How to write dialogue – 10 easy and effective tips

boat-book - how to write dialogueThe only rule in literature is that there are no rules.

It’s fashionable to say so. But this doesn’t mean that it’s true, or that in literature anything goes.

I mean, putting together one hundred thousand words or even more in such a way that they all work smoothly together to recreate the story you have in your head is, to say the least, a notable feat.

Then if  this recreation of yours is so finely honed that you manage to totally captivate your readers’ attention, well that’s sheer magic.

And magic, you know, requires formulas, rituals, a maniacal attention for apparently insignificant details.

Yes, you guessed right. Magic does require rules. Some rules at least. Some of the time.

In fact, it is essential to understand from the get go that rules are not set in stone, and that writers should experiment with them. To discard those they feel are too cumbersome for them. To reshape, to hand-tailor some others and make them fit their stylistic needs.

1) How to write dialogue – sometimes the best answer is you don’t have to

You would assume that in fiction it’s essential to devote at least a sizable part of your stories to dialogue. After all, dialogue reads quite easily and, if well done, is quite compelling. Indeed, dialogue is a very instinctive way to show what your characters feel and think.

Yet, it is possible to find some truly great novels where dialogue is simply non existent. Lately, I’ve read a couple of such novels. I’m referring to Unborken by Laura Hillenbrand, and Perfume: The Story of a Murderer by Patrick Süskind.

They’re two very different kind of novels. While the former features a real hero—Louis Zamperini–and is almost exclusively based on biographic material, the latter focuses on the fictional life of a murderer endowed with an exceptional sense of smell.

These two books should make it clear that while dialogue can be a powerful tool, it isn’t always as essential as some beginning writers might tend to believe.

Even more important: dialogue, no matter how sparkling and amusing, cannot rescue an otherwise flawed novel.

2) Maybe not too much, but always intense

The second rule about how to write dialogue is quite simple: deploy it only when you really need it and try hard to use it to always carry out at least two tasks at once. For example, to illuminate your characters personalities and move your story forward.

Once upon a time, Alexander Dumas filled his novels with long stretches of dialogue. But back then he was paid by the line, and was probably a bit too extravagant to refrain himself from gaining more and more money (Alexandre Dumas – A Great Life in Brief  by Andre Maurois.)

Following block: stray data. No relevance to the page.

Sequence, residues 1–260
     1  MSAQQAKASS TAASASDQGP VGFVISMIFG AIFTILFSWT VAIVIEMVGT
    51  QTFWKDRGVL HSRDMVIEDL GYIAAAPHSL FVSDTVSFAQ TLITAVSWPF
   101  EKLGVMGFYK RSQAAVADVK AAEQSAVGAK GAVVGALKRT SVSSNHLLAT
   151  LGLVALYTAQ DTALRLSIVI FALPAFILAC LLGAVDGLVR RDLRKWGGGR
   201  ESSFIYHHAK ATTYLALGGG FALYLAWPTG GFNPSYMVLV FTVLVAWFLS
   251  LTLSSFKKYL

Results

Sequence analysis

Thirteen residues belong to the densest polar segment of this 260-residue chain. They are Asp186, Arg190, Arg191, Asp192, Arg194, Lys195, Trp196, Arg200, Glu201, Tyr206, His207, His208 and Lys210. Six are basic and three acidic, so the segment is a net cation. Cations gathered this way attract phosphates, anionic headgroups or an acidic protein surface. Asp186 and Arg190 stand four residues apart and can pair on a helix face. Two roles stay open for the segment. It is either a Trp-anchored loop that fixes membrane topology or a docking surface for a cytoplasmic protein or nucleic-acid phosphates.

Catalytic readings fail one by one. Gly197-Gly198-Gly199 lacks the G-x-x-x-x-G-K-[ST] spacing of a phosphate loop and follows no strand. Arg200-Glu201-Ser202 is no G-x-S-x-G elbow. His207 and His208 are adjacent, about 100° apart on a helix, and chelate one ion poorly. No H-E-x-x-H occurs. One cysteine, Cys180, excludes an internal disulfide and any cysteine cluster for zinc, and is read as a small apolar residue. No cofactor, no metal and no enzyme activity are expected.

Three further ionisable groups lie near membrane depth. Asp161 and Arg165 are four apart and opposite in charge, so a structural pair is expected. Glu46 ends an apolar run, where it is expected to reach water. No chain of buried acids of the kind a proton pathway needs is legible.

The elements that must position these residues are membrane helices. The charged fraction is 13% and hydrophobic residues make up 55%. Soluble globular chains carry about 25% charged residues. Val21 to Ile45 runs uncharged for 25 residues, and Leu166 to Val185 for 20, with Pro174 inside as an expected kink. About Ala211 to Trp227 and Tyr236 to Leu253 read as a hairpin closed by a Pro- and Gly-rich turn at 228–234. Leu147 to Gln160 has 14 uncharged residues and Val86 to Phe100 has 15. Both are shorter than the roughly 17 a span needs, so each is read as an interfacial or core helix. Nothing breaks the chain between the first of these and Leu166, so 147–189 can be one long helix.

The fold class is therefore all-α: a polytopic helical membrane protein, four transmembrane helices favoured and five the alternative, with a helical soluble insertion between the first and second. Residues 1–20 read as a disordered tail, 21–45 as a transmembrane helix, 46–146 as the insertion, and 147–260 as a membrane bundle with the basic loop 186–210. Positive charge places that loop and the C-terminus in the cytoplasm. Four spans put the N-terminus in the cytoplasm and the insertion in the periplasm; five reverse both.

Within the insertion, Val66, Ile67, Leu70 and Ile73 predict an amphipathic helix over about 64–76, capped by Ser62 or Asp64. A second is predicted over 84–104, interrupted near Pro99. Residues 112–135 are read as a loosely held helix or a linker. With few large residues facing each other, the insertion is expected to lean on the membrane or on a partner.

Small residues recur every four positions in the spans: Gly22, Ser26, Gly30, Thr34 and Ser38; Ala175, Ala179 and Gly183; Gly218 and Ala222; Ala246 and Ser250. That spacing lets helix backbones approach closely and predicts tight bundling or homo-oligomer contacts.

Most likely, if he hadn’t tried so hard to maximize his earnings he might have written even more enthralling novels.

Given that Dumas’s days are long gone (but have a look at the mess Amazon is doing with KU and the number of pages actually read), I’ll repeat myself: use dialogue only when you need it and make it count.

For example, if a detective is looking for a guy and when he knocks on this guy’s door the guy’s wife tells him her husband is away, we shouldn’t use dialogue if we’re not planning to spice it up in any way.

Version A

Lewis went to see Dennis. But he wasn’t at home. His wife told Lewis she didn’t know where he could find him. Maybe he had stopped by at Molly’s for a beer, she offered.

Version B

The door opened.
“Good evening, Mrs Claremont.”
“Good evening, Mr Lewis.”
“Is your husband at home? I need to speak to him”
“I’m sorry. He hasn’t got back yet.”
“Do you know where I can find him?”
Mrs Claremont shook her head. Then looked at her wristwatch.
“Perhaps he stopped for a beer at Molly’s.”
“A beer you say?”
“Sometimes he does that.”
“Well thanks. In any case, when he shows up… Could you please tell him to get back to me as soon as possible?”

In version A we have 34 words which do the same job the 86 words of version B do. This means that in the second version we have 52 extra words that only slow the readers down and offer nothing in exchange.

Version C

The door opened.
“Good evening, Mrs Claremont.”
“Mr Lewis…”
“Is your husband at home? I need to speak to him”
“I don’t know where he is.” Mrs Claremont combed back her hair, slowly. ”I too need to have a word with him.”
“Do you… you know where I can find him?”
She looked at her wristwatch.
“Probably he stopped for a beer at Molly’s.”
“A beer…”
Mrs Claremont looked at Lewis with large liquid eyes. “Sometimes he does that.”
“Well… When he shows up… Could you please tell him to get back to me as soon as possible?”

Here in version C we have 87 words. But in this case the dialogue hints at Mrs Claremont’s attitude both toward her husband and Mr Lewis. And Lewis’s false starts and repeated trailing off signal he is probably not unaffected by Mrs Claremont’s presence.

I repeat, dialogue for its own sake isn’t just useless, it’s deleterious to a story. Unwarranted dialogue slows a story down and dilutes it to the point it is lost in the white noise of what can only be considered background conversations.